You have made the decision to rent a storage unit. Maybe you need to claim back some of your household space, want to store collectibles, need to store your things while your home is being remodeled, or you have a business that needs to store files, goods or equipment – whatever the reason – it is important your belongings are protected. Choosing a storage facility that is secure goes a long way for peace of mind. But what if an act of nature, like a lightning storm, sets a storage facility on fire? Self storage insurance should not be overlooked.
Without some sort of personal property insurance the value of your stored items may be lost. As is the case when owning or renting your home, additional insurance to protect your valuables is a small price for covering unpredictable tragedy.
It is often assumed self storage facilities automatically provide insurance for the items being placed into storage. This is not generally the case. Few self storage facilities will offer full or comprehensive item insurance within their standard storage rental fees.
There are typically two ways to insure your belongings stored in a self storage unit. Many homeowners and rental insurance policies may cover personal property stored “off premises”, like in a self storage unit. Another option is to purchase self storage insurance through the storage facility itself. It is recommended that you check your insurance options carefully before signing your storage rental agreement.
Your first step should be to contact your homeowners/renters insurance agent to see if the items placed in a self storage facility will be covered by your current policy. It may be that you are fully covered for items stored away from home or you may be able to pay an additional premium to get such coverage. Check your policy to also determine the types of risks covered. Typically covered are fire, lightning, theft, and vandalism.
If you’re placing high-value items in your storage unit, such as art or jewelry, you might want to explore “scheduled personal property” coverage. This coverage is specified to protect those items. This may involve professional appraisal of certain items.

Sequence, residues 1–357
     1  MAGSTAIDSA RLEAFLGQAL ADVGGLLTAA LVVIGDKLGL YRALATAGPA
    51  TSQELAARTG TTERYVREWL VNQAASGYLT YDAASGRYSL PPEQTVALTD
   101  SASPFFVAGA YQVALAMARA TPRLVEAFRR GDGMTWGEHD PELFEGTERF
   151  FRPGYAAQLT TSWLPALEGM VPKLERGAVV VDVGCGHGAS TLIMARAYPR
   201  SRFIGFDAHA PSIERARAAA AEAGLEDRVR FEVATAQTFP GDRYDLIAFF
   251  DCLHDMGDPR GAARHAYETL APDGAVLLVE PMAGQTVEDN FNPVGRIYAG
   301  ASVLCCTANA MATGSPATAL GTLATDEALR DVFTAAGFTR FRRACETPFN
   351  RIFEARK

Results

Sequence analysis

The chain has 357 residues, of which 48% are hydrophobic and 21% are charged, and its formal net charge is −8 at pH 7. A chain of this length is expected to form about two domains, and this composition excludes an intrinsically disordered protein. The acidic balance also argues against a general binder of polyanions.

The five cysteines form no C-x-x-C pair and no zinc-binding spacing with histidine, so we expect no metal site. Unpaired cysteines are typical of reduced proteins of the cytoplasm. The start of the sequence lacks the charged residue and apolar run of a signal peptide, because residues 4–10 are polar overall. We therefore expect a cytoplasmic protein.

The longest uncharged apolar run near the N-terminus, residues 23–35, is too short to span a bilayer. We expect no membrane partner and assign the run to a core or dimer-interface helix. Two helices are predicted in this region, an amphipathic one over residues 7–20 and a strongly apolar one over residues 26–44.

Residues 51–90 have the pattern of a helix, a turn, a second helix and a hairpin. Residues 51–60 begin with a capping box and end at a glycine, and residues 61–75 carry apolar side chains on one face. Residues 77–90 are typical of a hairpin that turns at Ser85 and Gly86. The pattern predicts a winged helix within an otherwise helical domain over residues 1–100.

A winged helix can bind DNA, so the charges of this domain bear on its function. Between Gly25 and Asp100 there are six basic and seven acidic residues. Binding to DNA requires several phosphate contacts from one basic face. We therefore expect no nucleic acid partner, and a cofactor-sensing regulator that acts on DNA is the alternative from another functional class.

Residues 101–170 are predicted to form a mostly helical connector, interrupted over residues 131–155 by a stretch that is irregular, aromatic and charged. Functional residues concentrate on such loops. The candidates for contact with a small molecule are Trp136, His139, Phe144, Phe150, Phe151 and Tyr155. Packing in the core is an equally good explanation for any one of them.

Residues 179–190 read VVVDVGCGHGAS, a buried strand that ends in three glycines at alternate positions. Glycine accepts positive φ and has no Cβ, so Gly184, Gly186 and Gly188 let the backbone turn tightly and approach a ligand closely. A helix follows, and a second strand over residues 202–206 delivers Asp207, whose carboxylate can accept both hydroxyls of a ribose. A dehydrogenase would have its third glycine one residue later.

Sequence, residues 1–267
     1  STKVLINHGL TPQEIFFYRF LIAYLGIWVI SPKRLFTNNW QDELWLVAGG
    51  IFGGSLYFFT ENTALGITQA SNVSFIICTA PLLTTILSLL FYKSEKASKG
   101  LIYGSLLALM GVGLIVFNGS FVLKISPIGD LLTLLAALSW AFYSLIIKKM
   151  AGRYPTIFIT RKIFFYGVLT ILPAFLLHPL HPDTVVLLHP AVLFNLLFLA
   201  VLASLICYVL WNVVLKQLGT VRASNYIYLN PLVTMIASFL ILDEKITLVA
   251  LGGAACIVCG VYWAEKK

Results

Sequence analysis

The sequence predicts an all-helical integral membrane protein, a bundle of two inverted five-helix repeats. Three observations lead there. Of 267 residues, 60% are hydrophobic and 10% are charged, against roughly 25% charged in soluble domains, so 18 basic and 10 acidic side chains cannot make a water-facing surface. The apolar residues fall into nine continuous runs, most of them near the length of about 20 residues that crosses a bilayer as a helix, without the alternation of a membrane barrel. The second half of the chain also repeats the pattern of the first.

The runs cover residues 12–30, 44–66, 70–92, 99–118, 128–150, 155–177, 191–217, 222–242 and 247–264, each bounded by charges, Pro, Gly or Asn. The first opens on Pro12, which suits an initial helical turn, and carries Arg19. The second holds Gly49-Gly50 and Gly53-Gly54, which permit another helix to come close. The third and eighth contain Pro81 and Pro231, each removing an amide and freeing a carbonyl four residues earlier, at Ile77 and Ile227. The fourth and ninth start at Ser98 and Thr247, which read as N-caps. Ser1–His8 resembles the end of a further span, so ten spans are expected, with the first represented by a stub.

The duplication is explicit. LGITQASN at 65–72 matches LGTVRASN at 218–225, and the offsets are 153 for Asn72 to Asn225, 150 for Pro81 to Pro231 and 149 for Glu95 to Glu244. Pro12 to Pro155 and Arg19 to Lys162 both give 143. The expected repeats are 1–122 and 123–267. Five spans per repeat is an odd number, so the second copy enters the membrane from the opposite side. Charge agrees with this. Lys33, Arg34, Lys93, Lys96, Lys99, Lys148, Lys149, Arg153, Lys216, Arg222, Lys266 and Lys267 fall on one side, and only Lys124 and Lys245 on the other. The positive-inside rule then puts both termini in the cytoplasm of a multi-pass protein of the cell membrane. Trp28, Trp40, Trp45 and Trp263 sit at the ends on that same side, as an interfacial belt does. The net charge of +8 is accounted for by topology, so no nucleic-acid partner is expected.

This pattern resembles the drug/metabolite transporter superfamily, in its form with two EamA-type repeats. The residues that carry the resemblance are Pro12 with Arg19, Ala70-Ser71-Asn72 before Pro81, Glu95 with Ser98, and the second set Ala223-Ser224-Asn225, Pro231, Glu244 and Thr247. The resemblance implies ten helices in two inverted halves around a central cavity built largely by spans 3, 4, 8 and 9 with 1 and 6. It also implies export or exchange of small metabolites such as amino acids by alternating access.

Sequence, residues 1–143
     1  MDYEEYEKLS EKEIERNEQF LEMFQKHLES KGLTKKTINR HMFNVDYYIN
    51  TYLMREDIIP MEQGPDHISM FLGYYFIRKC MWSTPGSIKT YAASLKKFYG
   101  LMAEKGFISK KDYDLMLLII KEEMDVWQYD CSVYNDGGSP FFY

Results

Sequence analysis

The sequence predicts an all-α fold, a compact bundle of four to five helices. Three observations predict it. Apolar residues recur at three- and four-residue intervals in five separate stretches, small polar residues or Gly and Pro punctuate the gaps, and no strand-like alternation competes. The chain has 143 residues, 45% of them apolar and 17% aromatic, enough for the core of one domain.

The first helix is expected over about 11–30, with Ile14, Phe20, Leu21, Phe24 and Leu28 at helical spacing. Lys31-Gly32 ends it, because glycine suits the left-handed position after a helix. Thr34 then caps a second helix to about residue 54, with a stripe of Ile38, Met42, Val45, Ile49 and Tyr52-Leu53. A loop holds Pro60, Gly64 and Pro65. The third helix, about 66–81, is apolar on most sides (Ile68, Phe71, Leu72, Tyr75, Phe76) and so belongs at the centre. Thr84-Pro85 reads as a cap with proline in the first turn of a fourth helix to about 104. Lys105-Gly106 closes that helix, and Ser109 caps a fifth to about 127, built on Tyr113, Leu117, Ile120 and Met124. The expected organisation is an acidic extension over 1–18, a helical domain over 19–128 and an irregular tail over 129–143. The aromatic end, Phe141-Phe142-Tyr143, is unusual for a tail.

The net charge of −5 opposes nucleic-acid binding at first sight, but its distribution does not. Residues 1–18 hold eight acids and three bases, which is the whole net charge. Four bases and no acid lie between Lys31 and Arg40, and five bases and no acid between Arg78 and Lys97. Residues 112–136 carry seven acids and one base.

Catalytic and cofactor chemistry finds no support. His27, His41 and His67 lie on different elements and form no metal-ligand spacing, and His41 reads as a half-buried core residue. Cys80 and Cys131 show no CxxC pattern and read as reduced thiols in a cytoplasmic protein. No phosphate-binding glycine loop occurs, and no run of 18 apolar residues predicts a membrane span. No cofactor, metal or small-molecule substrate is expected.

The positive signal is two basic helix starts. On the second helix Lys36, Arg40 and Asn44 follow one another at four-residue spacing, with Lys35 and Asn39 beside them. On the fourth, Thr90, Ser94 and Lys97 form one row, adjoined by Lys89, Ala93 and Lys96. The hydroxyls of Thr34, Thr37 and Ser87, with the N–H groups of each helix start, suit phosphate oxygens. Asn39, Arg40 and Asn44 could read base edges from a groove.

Many homeowners policies have lower limits for property located away from your home. For example, if you have $65,000 coverage on your personal property under your homeowners policy, coverage for “off-premises” property may be capped at 10% or $6,500. You can increase the coverage limit in your renters or homeowners policy to provide an increased limit for “off-premises” items, but that may be more costly than purchasing specific self storage tenant insurance from the self storage operator.
If you do provide your own insurance coverage, be aware that the self storage facility you choose may ask to see proof of your policy before renting you space.
Self Storage Insurance Policies
Many self storage facilities offer self storage insurance that will add an additional layer of protection to your belongings. This insurance usually incurs an additional cost based on coverage limits and the premiums are added to your monthly rent and collected as a single monthly charge.
Filing a claim with storage facility insurance will be less complex than homeowners insurance and typically doesn’t require the payment of a deductible, which can be a huge advantage.
Self storage insurance typically provides affordable coverage of loss from:
- Water Damage (may exclude flooding)
- Building Collapse
If certain damages are not included in your homeowner’s policy, storage facility insurance may be a good idea. And, if you don’t have homeowners/renters insurance, you should probably purchase self storage insurance because it is specifically tailored to possible self storage hazards.
Be aware that self storage coverage can place limits on certain items; and cars, boats, motorcycles, and ATVs usually have to be insured separately. Self storage tenant insurance, similar to a homeowners policy on personal property, does not typically cover damages resulting from vermin, mold, mildew, flooding or war.
Purchasing self storage insurance is an individual decision, dependent on many variables. As mentioned above, first check with your homeowners/renters insurance agency and then have a detailed discussion with the self storage manager to decide which option is best for you.
In any event, paying a little extra to retain the value of your personal property from a loss is a smart practice we follow for our home, car, and life. The property we store “off premises” has value and should also be covered from loss. And remember to keep a detailed list of what is in your self storage unit and its value.
Reserve a self storage unit in the Houston area, consult your insurance agency, and then discuss your self storage insurance options with an All Purpose Storage representative.